The Crown sold the same to Nicholas Arlush,85 who died in 1553, siezed of 100 acres of land, arable, meadow and pasture, late parcel of the Chapel of St. John, in Laxton, and held in capite as of the Manor of East Greenwich.86 A ruined bit of the ancient chapel is still to be seen in the Church-yard.

The prebend of Laxton and Skelton has already been described. On 13th July, 1330, William de Melton (Archbishop of York), ordained a perpetual vicarage in the prebend, wherein should be a perpetual vicar, presentable by the Prior and Convent of Durham, whose stipend should consist of ten marks payable by the prebendary.87

The following were the Vicars :-1330, Sir Stephen de Gribthorpe; 1349, William de Lynton; 1380, Thomas Lister, Vicar of Wistow; 1402, John Green; 1445, Edmund Karr; 1448, John Reynolds; 1462, John Wilkinson; 1476, John Ludwyn; 1501, John Gedling; 1508, Sir Thomas Blackett; 1521, R. Webster; 1533, William Skelton; 1537, Peter Batell; 1540, Thomas Metingham.

Most of the above were non-resident, some, like Thomas Lister, having other cures. The office was abolished at the dissolution, the last vicar receiving a pension of £5 annually for life.8

For over 80 years after this no service was carried on at Laxton,

* An alienation in mortmain was the grant of land to a corporation, guild, or fraternity, usually of a religious nature, the practical result being that the land ceased to be parcel of the manors.

83 Mr. Ellis' MSS., quoting Add. MSS. 26721, p. 207.

84 Of Saltmarshe and Thorganby, eldest son of Thomas Saltmarshe by his wife Joan, d. and heir of Robert Gaunt. He married Elena, d. of Sir John Portington, Judge of the King's Bench, and was father of John Saltmarshe, the first mentioned in the 1585 Visitation.

85 Of Knedlington, see under "Laxton Families."

86 Mr. Ellis MSS. quoting Inq. p. m., 6 E. VI.

87 Hutchinson's Durham, Vol. III., p. 453.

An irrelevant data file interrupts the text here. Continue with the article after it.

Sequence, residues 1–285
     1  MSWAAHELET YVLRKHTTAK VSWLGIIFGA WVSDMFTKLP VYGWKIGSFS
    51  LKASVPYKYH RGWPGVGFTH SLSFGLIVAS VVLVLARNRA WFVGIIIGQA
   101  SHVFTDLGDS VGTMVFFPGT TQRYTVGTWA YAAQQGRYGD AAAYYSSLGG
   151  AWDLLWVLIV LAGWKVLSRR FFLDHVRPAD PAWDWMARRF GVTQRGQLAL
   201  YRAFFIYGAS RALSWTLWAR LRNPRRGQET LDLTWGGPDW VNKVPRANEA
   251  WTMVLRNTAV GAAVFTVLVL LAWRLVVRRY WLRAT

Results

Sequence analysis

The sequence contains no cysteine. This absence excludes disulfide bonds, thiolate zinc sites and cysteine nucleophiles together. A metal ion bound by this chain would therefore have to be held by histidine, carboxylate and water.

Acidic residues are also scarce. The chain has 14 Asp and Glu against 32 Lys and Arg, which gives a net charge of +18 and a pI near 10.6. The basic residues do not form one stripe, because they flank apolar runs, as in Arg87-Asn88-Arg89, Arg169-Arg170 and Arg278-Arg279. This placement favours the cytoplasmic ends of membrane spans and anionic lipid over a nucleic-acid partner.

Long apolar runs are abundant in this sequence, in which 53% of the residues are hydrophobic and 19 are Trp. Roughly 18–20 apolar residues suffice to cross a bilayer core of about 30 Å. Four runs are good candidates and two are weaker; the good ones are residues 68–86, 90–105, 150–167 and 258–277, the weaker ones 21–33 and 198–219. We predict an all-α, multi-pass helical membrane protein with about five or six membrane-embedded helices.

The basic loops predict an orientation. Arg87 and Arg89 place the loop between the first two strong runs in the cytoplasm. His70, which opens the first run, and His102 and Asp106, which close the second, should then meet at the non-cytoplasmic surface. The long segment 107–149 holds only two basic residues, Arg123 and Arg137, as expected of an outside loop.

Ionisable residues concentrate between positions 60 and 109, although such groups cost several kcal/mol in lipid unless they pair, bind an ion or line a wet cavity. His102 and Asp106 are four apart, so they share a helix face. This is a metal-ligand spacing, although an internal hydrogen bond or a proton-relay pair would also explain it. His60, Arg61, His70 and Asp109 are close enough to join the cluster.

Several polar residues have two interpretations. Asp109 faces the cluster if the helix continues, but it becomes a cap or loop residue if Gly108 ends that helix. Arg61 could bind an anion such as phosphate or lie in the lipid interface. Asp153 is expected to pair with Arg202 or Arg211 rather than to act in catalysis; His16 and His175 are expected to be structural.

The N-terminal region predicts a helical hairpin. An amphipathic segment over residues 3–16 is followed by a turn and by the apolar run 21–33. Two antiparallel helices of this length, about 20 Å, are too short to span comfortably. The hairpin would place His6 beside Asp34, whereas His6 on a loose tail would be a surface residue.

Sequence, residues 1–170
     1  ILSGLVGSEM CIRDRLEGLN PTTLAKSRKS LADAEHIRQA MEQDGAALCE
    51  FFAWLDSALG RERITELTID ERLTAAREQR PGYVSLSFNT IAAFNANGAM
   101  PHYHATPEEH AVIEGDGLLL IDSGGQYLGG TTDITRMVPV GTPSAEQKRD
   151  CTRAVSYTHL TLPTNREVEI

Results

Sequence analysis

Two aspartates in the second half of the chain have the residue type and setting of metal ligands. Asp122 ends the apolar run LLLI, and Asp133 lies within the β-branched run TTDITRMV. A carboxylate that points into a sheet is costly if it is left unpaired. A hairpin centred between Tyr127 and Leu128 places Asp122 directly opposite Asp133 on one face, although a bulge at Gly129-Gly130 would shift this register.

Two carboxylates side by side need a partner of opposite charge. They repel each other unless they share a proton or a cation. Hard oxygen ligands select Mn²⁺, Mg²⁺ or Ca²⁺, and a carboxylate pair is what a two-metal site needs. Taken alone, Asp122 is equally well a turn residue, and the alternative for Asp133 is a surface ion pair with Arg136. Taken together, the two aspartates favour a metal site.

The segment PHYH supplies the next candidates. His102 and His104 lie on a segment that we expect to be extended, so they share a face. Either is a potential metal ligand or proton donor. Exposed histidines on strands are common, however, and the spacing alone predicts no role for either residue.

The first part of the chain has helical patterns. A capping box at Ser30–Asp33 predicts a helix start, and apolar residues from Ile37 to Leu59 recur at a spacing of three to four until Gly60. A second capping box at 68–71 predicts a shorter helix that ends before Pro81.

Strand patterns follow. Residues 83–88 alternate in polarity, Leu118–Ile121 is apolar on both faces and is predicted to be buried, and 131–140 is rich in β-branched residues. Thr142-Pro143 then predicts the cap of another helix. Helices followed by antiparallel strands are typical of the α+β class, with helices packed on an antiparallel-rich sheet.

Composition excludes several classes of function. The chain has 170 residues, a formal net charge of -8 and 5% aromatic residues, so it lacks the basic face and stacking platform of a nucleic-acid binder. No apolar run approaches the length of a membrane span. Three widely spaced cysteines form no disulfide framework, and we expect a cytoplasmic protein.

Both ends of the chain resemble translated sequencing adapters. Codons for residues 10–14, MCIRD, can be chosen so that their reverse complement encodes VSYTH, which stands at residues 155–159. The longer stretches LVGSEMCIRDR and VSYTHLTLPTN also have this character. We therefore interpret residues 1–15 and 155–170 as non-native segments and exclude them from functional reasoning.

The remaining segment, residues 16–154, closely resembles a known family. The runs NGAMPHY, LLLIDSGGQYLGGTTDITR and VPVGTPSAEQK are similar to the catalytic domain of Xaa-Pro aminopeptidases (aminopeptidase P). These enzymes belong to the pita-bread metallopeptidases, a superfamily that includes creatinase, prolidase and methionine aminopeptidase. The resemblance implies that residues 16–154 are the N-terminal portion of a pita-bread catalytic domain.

88 History of Howden by Mr. Thomas Clarke, p. 70.

and the old chapel having lost its endowment fell into ruin and decay.

In 1625 a new place of worship was erected by three maiden sisters, Anne, Elizabeth and Grace Dorey, a small part of the old chapel being preserved at one end. This church was known as St. Peter's, but why the old name was not kept up I cannot say.

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The Misses Dorey also left for its upkeeep the following land: One acre, called "The shoulder of mutton,' in the Cherry Tree Row field, and one acre in the West fields, both in Saltmarshe; two acres in the Farnite fields in Laxton; four acres in Cotness; one small cottage and garden in Laxton; one and a half acres in Bishopsoils and a small close in Wallingfen.8 89

The income arising from these endowments, which are not quite the same as those mentioned in the report of 1824, has been paid into a fund for the repairs of the Chapel.

The money seems to have been insufficient for the upkeep of the building, and in 1769 it being represented that the Chapel being much decayed and worn, and beyond the powers of the township to repair, royal authority was given to collect alms for the purpose, the estimated cost being £1200, and an order was given to all not 10 retard the said collection.

By the same authority the following trustees were appointed for the charity-The Archbishop of York, Sir George Metham,90 the Lord Mayor of York, Christopher Baylis, Esq., Revd. John Mallison, John Simpson, Amaziah Empson,91 Philip and Arthur Saltmarshe,92 and others.93

In 1797 £400 was given to the endowment of the Chapel out of Queen Anne's bounty, which was invested in a close at Kilpin. In 1800 another £400 was added from the same source, and invested in a close at Sutton, near Hull; and in 1809 a third donation of £200 was granted. 89

The present Church, also St. Peter's, was built in 1875-6, at a cost of £3,400, raised by public subscription. It is constructed of stone, in the early English style, and consists of a chancel, nave, south porch, organ chamber, and a Western belfry containing two bells. The organ was presented by the late Mrs. Gamble, in memory of her first husband, Mr. Arthur Saltmarshe, and the marble pulpit by Mr. Saltmarshe, in memory of his second son, Arthur Harry, a lieutenant in the 90th Regiment, who was killed in action against the Gaikas at Intaba Ka'ndoda, near King William's Town, on 30th April, 1878.

89 From the Chapel Terrier.

90 Sir George Montgomery Metham sold Metham in 1779, and died the last of his line shortly afterwards.

91 Of Yokefleet, great-great-grandfather of the present owner.

92 Great-granduncle and great-grandfather of the present Mr. Saltmarshe. 93 Church Briefs, B. IX. 2, 9 G. III.